3. The party making such an application was not given proper notice of appointment of arbitrators or of the arbitral proceedings or was unable to present his case;
  4. The award is not falling within the terms of submission to arbitration;
  5. The composition of the arbitral tribunal or the arbitral procedure was not in accordance with the agreement of the parties;
  6. Subject matter of the dispute not capable of settlement by arbitration under the law for the time being in force;
  7. Award being in conflict with ‘the public policy of India.

(Note: as per the amendment of 2015, an award passed in an international arbitration can be set aside only if (i) the award is vitiated by fraud or corruption; (ii) it is in contravention with the fundamental policy of Indian law; (iii) it is in conflict with basic notions of morality and justice. Also an application for setting aside of an award can be filed only after prior notice in this regard has been issued to other party. The party filing the application has to file an affidavit along with the application stating compliance with the requirement of service of such prior notice on the other party. Such applications shall be disposed within 1 year from the date of service of the advance notice on the other parties.)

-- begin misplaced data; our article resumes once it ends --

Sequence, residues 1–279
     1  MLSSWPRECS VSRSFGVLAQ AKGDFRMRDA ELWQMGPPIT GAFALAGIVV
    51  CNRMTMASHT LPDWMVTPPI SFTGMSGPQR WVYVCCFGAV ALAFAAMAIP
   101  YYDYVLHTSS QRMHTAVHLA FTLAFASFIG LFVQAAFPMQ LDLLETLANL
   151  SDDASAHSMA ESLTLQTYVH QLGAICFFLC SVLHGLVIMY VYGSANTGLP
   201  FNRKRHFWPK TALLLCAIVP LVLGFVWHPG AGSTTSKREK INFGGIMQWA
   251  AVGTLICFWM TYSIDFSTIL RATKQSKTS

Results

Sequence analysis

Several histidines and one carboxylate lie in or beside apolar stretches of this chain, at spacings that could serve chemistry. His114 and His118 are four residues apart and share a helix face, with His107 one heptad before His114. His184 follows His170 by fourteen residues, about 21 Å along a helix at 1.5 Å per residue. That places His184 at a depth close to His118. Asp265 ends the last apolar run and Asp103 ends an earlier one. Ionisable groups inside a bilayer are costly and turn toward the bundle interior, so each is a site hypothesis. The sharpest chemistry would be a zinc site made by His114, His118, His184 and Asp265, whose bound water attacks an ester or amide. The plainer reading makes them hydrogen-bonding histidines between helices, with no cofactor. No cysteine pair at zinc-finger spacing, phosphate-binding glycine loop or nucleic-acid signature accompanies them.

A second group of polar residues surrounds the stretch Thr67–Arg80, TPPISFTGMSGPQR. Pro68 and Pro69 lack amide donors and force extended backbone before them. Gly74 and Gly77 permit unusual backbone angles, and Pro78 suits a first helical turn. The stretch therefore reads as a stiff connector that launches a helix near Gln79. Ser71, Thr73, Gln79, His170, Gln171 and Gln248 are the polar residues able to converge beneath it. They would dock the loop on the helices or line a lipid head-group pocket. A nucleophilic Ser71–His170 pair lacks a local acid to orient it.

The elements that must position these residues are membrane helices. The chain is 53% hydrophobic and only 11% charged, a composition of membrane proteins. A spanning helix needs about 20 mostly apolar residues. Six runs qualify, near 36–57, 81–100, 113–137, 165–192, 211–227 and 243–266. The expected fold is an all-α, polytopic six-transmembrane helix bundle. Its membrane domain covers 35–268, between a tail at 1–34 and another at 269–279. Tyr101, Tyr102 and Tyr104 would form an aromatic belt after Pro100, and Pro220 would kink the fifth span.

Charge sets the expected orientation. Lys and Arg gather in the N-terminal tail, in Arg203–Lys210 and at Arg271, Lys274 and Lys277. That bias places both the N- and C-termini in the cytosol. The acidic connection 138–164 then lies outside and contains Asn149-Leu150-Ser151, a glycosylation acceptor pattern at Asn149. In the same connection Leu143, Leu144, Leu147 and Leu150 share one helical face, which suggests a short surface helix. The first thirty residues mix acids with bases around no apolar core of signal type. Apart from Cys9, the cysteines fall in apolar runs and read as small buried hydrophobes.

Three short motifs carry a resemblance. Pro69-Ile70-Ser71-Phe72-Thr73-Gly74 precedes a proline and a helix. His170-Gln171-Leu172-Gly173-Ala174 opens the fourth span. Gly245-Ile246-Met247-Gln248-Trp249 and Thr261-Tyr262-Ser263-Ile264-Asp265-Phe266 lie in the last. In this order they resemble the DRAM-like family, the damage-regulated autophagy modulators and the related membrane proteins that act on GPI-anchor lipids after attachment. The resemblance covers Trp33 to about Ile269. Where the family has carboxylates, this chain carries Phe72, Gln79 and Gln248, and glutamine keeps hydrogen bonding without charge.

It is further to be noted that as per section 34(3) the time limit for making an application to set aside the award is 3 months from the date of receipt of the award.

14. Enforceability of awards (Section 36)

Prior to the amendment of 2015, the section provided an automatic stay on the arbitration proceedings if an application to set aside an award was made under section 34. However, post amendment, the applicant has to make a separate application to the court for grant of stay of arbitration award, even if the application for setting aside under section 34 is already made.

15. Appeals (Section 37)

There lies an appeal to the authorized courts to hear appeals from original decrees of the court passing orders granting or refusing any interim measures under section 9 and where the court grants or refuses to set aside an order under section 34.